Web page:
Monday, March 29, 2010

long overdue post about the CIEE trip to Mayo

I guess I can finally update about our field trip to western Ireland! The first weekend in March Dona and Martin brought all 35(ish) of us to County Mayo in the west. The main focus of the trip was to learn more about the potato famine and its effects on the country, especially because the troubles of the famine were felt most there. We left on the Wednesday morning- which really sucked since Dan was still here but I didn’t have to go to my 9am class which was nice.
Our first stop was the Strokestown House and National Irish Famine Museum. Strokestown House was the residence of a wealthy landlord during the famine days. It was a great stop because unlike most museums where everything is roped off and behind glass, the house was left just how it was when the last family members lived in it. It turns out, a local truck-company owner had wanted to buy a portion of the property when they were auctioning it off but it was an all or nothing kind of deal and so he bought the whole thing- including the house and everything inside. It was so cool to walk around inside because it was filled with all the original furniture, old toys, and even a first edition Charles Dickens book. And we were allowed to touch stuff, which was a surprise since normally like I said, stuff is roped off. We also went to two famine museums. One was just a quick walk through next to Strokestown- the man who bought all the property turned the barn into a museum. And the other was the Museum of Country life which showed how people lived before during and after the famine especially in County Mayo where the famine hit the hardest. Then we went to our hotel in Westport. The town was really cute had a nice center to walk around. Everyone just explored a little bit before going to dinner (best meals I will eat here- 3 course meals!) and then going to a couple pubs.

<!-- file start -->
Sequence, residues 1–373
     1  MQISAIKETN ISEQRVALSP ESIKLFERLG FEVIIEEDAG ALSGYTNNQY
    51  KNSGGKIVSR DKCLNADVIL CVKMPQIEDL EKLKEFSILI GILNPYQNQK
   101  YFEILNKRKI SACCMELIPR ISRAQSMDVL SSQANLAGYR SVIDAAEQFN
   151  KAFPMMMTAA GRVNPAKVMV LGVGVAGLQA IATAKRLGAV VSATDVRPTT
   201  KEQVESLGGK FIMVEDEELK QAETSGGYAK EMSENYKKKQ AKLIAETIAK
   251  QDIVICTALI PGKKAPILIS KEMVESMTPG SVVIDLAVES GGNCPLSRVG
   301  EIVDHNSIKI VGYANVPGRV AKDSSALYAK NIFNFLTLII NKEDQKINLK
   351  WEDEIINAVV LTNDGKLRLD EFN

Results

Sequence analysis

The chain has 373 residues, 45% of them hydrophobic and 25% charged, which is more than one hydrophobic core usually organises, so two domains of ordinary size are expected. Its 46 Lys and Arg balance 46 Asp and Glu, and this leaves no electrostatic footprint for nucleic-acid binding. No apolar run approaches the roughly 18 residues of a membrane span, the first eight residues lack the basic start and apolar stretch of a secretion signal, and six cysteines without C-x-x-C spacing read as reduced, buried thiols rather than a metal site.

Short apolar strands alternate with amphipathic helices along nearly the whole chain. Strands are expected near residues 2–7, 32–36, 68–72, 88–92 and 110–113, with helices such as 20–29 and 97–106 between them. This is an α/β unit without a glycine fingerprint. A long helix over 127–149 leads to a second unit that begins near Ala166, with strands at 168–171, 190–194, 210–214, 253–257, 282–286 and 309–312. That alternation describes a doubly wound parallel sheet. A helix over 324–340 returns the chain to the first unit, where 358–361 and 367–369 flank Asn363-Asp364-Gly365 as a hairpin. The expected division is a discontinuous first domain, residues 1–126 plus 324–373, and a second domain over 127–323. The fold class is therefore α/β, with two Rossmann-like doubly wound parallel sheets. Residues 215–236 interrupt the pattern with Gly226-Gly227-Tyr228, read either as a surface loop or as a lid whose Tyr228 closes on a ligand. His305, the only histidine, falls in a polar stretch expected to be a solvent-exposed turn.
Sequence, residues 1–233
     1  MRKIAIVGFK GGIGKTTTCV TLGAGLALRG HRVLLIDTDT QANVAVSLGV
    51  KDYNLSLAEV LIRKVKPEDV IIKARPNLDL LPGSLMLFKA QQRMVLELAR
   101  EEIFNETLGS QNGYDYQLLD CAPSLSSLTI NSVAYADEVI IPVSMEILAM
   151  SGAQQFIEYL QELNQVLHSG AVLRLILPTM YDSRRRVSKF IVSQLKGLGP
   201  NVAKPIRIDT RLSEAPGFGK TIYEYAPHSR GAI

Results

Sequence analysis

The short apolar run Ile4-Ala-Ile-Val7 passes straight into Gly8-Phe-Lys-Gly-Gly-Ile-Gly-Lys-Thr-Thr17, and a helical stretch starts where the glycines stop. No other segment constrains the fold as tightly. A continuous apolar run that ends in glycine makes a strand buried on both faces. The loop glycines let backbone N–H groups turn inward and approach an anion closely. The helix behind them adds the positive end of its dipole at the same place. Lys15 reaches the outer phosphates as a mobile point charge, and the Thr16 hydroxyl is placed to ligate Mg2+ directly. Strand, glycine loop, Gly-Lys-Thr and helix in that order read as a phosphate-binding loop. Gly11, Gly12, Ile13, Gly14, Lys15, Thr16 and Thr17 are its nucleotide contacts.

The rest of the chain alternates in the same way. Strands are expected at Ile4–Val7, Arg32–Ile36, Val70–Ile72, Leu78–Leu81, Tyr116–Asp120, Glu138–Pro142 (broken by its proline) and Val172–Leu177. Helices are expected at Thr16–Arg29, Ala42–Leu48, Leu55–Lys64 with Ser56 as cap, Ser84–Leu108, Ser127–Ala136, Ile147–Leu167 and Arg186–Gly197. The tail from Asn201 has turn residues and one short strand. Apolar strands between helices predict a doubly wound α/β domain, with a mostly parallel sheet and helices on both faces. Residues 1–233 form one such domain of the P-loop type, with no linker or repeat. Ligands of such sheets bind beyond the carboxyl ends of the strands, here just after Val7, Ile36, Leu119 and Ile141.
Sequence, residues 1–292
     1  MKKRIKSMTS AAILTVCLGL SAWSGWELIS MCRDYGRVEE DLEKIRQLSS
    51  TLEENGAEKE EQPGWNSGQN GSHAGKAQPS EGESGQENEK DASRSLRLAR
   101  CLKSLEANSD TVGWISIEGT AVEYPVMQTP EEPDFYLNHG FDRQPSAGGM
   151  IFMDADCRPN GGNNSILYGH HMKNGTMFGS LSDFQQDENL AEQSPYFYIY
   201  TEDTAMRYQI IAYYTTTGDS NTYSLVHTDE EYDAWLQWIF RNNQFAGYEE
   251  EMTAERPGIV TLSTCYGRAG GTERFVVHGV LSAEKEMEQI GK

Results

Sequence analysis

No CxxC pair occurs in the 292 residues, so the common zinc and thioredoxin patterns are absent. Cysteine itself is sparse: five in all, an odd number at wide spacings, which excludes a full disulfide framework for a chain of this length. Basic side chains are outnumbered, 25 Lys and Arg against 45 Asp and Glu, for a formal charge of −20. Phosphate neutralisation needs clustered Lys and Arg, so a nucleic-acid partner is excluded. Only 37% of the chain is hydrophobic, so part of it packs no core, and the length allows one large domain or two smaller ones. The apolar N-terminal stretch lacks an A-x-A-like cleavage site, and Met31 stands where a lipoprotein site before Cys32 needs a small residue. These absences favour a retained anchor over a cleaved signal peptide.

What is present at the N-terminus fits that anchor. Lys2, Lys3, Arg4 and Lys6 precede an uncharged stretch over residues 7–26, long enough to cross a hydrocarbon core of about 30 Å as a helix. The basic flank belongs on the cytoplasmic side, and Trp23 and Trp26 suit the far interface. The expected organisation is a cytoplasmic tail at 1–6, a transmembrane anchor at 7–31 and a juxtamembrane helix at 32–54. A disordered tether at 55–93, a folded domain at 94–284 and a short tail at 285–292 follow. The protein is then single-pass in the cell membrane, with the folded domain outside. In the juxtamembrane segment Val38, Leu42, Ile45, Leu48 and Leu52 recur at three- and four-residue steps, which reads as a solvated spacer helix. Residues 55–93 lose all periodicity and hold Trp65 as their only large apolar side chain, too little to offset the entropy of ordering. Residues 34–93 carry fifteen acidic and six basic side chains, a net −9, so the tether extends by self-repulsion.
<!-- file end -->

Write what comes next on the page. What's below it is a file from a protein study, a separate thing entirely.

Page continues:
The next day we visited Croagh Patrick, the mountain where Saint Patrick fasted for 40 days, built a church, and banished all the snakes from Ireland. We also learned the importance of the shamrock to Ireland and how St Patrick used it to teach the native pagan Irish the concept of the Holy Trinity. The mountain was beautiful and we lucked out with weather. We didn’t walk very far up but we found out that every year on Reek Sunday (last Sunday in July) thousands of people take a pilgrimage and climb the mountain barefoot! We also went for a hike (more of a brisk walk with a slight incline) in Connemara which was beautiful.
On Friday we went to Achill Island (yeah that’s what it’s really called) and drove around the countryside to see all the famine memorials (there are a lot). The famine is still very much in the memories of the Irish- there was much more to it than what we learn in the states. One of the most interesting places we went was an old famine farm house. The guy who ran it actually grew up there and lived there until the 1970s. Behind the tiny house the man had created a more extensive famine museum, collecting artifacts from people all over and giving a good idea of what life really was like in Co. Mayo during the famine.
Then on Saturday we headed back to Dublin and I was very shocked to find that Dan was still there :) So then we went to the food festival and just hung out and enjoyed his last day in Dublin! I hated having him leave but really glad he got to visit.

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